I also assumed that the businesses would have paid corporate taxes at a rate of 40%. The total of the opportunity cost and the subsidies is the total fiscal burden on the government.
In the past 10 years, the government's annual financial burden of operating these institutions averaged about 1 trillion yen ($8.6 billion). The subsidies accounted for 70% of the total, with the opportunity cost responsible for the remaining 30%.
The Development Bank of Japan (DBJ) and the Japan Bank for International Cooperation (JBIC) pay part of their profits into the state treasury, while the Shoko Chukin Bank pays corporate and other taxes. But the annual payments by these three institutions amounted to only 20-50 billion yen.
The particularly costly institutions were the Housing Loan Corp., the yen loan operations of the JBIC, the DBJ and the Agriculture, Forestry and Fisheries Finance Corp.
For public lending reform, the government has decided to privatize the DBJ and the Shoko Chukin Bank, scrap the Japan Finance Corp. for Municipal Enterprises, and integrate the remaining five institutions and the international finance operations of the JBIC into a new institution.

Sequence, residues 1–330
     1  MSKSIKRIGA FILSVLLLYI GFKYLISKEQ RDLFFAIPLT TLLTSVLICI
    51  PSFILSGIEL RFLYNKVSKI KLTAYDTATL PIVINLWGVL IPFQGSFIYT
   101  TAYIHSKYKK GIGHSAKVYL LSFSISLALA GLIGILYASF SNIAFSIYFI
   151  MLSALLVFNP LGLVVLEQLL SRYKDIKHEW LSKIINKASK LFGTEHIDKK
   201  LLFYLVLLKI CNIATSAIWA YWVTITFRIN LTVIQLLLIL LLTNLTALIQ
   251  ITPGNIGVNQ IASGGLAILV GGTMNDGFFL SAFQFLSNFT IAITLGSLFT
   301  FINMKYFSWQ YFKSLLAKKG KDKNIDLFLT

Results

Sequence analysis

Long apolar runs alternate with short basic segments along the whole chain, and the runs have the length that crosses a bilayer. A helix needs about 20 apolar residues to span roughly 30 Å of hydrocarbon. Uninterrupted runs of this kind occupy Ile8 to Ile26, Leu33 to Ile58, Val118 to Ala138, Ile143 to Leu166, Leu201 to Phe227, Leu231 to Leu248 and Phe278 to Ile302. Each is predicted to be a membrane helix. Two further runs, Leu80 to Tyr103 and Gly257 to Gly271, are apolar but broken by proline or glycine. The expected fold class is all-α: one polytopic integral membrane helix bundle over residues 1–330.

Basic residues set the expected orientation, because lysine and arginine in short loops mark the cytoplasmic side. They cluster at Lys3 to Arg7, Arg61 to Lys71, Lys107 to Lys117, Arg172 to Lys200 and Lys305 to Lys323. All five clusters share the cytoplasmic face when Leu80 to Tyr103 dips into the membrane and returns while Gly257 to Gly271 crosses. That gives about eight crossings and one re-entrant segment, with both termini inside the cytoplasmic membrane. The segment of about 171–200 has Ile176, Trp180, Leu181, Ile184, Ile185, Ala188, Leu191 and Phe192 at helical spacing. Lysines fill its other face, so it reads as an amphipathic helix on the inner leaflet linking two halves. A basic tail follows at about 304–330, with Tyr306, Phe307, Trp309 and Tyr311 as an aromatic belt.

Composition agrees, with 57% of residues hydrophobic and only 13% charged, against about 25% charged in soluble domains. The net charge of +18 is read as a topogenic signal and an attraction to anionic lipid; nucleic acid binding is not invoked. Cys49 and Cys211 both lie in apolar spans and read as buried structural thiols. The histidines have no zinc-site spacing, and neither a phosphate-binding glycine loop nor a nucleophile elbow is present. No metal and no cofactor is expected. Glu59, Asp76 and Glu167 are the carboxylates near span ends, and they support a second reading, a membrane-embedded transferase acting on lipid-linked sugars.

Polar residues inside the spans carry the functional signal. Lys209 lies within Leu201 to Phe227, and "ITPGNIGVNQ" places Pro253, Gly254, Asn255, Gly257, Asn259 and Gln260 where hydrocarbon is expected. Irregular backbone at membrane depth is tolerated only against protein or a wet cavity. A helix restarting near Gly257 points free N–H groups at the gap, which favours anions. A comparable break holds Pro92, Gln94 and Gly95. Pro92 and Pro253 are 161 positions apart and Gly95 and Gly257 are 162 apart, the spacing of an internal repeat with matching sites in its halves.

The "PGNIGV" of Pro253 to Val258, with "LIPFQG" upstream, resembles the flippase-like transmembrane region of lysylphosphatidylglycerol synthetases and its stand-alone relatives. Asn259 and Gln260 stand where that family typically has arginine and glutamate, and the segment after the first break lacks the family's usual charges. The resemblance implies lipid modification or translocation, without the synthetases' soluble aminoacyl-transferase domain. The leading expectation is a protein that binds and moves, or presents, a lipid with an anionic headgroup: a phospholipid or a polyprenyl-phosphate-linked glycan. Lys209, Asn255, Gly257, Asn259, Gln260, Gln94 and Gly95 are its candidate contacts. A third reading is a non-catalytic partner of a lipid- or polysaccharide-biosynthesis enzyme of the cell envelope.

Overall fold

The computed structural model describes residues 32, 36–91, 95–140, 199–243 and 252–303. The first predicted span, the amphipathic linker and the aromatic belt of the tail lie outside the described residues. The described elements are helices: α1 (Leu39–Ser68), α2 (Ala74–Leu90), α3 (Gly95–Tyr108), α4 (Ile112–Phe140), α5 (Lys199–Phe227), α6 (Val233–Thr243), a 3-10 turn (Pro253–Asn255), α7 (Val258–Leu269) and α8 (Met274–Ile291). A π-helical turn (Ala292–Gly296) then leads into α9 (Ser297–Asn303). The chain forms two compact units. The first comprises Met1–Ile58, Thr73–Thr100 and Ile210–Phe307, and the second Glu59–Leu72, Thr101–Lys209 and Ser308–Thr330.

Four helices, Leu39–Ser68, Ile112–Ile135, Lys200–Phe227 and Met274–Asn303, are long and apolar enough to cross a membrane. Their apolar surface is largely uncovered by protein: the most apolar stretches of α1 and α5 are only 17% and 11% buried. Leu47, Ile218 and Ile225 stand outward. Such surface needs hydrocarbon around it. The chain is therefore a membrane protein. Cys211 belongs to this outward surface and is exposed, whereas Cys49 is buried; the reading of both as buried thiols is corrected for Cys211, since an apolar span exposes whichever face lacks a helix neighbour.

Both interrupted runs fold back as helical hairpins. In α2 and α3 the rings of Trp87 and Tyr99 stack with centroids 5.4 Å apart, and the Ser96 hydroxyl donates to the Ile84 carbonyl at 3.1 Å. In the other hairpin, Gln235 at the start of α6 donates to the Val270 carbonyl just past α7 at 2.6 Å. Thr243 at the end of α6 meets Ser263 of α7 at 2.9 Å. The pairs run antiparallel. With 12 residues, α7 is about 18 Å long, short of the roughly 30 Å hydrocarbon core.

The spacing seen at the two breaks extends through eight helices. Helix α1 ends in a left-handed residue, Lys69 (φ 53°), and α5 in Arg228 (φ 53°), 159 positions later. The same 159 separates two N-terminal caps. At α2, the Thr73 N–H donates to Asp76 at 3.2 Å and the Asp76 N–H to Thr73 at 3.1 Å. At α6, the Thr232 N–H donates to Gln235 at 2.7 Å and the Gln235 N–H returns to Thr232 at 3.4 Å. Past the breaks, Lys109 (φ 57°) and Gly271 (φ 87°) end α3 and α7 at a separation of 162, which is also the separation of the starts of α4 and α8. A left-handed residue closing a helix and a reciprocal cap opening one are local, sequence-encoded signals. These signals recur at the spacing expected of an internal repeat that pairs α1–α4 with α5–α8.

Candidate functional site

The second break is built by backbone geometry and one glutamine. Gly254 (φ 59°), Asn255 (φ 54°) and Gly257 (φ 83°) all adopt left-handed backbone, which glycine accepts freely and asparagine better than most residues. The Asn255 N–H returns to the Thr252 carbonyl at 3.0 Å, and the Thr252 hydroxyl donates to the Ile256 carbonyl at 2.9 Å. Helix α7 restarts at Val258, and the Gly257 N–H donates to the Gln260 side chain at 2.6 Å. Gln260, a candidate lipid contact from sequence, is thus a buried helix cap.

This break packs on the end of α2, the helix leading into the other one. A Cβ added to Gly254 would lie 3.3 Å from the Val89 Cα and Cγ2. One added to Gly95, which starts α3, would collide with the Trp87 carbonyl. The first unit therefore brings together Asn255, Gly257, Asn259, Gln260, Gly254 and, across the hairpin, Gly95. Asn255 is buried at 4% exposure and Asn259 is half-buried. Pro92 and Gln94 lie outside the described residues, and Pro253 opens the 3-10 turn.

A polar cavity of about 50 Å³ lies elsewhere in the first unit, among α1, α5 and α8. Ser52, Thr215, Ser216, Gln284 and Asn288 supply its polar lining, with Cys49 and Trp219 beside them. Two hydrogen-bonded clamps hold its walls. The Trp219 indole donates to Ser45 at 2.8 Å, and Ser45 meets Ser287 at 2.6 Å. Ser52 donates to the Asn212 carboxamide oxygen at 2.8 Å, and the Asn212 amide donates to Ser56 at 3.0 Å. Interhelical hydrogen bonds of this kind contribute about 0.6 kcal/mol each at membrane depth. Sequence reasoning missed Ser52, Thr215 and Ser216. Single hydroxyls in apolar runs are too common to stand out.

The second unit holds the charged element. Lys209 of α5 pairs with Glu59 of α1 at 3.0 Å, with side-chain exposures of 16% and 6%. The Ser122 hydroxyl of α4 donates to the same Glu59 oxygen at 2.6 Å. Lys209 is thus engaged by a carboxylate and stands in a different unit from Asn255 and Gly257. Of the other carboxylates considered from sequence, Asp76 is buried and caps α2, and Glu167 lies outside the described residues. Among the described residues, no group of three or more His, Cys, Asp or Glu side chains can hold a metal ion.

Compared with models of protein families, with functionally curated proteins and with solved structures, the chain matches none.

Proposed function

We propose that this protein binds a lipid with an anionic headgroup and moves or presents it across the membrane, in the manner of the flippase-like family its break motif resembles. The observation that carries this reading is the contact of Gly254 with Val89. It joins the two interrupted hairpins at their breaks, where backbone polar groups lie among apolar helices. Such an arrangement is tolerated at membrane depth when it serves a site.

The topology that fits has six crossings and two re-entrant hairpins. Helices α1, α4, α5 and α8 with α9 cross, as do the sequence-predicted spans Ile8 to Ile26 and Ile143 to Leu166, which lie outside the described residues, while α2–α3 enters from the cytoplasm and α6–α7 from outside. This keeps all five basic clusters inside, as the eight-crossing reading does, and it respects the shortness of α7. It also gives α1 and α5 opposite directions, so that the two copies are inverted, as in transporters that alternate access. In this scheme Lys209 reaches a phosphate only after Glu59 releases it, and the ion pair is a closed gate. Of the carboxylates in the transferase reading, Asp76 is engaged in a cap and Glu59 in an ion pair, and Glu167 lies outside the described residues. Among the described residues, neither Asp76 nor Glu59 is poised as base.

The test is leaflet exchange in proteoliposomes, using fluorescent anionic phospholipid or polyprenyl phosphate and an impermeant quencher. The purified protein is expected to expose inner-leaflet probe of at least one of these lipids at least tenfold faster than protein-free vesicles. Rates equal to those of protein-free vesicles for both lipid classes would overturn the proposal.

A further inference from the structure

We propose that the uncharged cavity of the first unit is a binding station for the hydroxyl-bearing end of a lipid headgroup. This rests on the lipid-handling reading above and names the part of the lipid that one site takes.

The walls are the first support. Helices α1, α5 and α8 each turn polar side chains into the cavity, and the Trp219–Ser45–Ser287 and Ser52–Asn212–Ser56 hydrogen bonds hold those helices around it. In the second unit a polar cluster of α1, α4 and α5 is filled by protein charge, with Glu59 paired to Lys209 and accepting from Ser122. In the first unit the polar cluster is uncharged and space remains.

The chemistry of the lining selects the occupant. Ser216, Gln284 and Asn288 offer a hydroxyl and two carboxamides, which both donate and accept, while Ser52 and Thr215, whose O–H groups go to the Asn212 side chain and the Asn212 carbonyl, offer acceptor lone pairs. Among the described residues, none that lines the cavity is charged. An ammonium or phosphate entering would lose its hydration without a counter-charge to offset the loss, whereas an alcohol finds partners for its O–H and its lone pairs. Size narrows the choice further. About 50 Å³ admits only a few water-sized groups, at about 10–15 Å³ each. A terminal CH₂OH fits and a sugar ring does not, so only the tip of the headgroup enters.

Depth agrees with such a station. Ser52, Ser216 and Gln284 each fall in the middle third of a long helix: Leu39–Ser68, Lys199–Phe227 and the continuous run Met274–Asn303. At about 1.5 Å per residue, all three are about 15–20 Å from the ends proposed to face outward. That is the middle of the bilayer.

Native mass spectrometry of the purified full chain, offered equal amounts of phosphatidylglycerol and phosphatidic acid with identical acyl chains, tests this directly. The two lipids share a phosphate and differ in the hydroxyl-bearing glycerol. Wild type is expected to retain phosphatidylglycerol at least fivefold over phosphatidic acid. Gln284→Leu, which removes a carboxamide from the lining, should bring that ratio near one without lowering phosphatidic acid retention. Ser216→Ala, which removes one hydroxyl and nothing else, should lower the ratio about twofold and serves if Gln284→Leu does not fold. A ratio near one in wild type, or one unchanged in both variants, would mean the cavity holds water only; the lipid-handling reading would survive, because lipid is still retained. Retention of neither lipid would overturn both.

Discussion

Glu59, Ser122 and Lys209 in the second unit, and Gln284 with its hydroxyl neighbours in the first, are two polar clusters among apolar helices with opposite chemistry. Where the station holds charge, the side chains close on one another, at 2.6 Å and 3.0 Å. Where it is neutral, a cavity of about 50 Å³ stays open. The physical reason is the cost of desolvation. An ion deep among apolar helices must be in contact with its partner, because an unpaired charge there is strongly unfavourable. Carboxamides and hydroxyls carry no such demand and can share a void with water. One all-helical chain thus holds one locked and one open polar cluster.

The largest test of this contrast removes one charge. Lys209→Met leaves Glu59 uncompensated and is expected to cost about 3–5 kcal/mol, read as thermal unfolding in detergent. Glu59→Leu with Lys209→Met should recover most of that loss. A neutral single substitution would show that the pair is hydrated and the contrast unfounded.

The planned privatization of the DBJ and the Shoko Chukin Bank will inevitably increase their financial costs. Currently, the fiscal investment bonds issued by the DBJ are given the highest credit rating of AAA by Rating and Investment Information.
Thanks to massive capital injections by the government, the DBJ's capital ratio stands at a healthy 13.9%, and the quality of its capital is good. Therefore, I presume that the bank's credit rating after the privatization will be AA, higher than the A+ rating given to Bank of Tokyo-Mitsubishi UFJ.
Assuming that the DBJ will not accept deposits and raise funds only by issuing bonds even after the privatization, the expected downgrade would increase the bank's financing cost by 14.7 billion yen.